In appropriate cases the Isle of Man Court will assist investigating authorities and/or criminal courts in other jurisdictions in making enquiries and obtaining evidence in the Isle of Man. Section 21 of the Criminal Justice Act 1991 covers all criminal cases and contains safeguards for the person questioned. However, where a serious or complex fraud is involved, Section 24 of the Criminal Justice Act 1990 is usually invoked, enabling the attorney general to undertake investigation in the Isle of Man to assist foreign authorities. The problem is that this statute removes the right of silence, while offering qualified protection against self-incrimination only locally.

In a recent case involving judicial review (by Petition of Doleance) of an investigation by the attorney general under the 1990 act, the court held that the attorney general must consider the protection of the individual being questioned in terms of the risk of self-incrimination in the jurisdiction to which the information is being forwarded. This may involve requiring the requesting authority to give details of protection afforded in the relevant jurisdiction and to give undertakings restricting the use of information received from the Isle of Man.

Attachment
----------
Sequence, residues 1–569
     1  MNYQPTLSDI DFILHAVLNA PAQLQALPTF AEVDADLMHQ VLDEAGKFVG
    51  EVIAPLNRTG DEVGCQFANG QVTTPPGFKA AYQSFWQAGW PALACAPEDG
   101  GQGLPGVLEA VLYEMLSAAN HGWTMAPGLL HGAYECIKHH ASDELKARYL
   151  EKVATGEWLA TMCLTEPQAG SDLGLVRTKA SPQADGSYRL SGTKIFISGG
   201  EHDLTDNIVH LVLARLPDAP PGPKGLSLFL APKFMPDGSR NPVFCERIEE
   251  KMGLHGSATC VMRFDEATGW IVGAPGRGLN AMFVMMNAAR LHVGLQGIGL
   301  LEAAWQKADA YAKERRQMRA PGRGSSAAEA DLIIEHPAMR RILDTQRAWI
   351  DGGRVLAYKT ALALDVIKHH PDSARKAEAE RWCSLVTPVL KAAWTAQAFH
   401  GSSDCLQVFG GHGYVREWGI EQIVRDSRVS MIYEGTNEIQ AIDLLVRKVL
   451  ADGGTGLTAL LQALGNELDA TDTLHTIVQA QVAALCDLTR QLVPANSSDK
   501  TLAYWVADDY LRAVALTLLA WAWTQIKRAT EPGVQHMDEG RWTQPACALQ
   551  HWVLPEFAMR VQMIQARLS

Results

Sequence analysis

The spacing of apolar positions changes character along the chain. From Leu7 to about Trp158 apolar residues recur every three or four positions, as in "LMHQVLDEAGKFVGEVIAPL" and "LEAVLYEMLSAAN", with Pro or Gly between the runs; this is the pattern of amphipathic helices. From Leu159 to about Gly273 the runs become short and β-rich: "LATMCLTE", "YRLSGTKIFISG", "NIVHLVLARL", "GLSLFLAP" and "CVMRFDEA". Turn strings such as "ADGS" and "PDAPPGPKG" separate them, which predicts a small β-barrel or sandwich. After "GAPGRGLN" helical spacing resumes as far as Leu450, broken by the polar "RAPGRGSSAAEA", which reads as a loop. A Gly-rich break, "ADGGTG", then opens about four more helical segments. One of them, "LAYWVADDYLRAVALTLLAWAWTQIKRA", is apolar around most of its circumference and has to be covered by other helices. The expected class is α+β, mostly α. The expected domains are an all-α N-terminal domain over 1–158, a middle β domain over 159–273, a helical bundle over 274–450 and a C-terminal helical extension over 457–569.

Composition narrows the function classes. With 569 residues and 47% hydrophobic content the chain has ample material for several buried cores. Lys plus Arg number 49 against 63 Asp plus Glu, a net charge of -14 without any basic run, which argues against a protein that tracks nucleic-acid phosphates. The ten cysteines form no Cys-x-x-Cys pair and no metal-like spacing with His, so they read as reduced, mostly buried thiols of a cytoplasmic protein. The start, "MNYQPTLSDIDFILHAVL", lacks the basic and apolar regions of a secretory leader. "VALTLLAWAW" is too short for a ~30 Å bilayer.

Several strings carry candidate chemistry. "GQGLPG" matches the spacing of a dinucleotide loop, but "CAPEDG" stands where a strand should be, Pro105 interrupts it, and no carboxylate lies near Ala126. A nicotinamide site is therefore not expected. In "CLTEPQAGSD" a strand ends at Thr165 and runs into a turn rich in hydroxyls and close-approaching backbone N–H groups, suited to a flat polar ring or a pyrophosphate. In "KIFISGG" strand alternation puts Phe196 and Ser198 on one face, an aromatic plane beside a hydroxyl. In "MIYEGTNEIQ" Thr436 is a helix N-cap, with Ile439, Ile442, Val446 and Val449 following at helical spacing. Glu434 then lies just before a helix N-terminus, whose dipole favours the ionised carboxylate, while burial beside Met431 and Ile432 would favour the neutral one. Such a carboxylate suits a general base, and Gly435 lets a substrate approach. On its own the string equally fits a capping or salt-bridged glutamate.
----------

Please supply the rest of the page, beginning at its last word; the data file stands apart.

There are separate provisions under which the Isle of Man Court will also assist in civil cases (including insolvency), provided that this will not amount to enforcement of a foreign tax debt.

For further information on this topic please contact Kevin O'Riordan at Simcocks by telephone (+44 1624 620821) or by fax (+44 1624 620994) or by e-mail ([email protected]).

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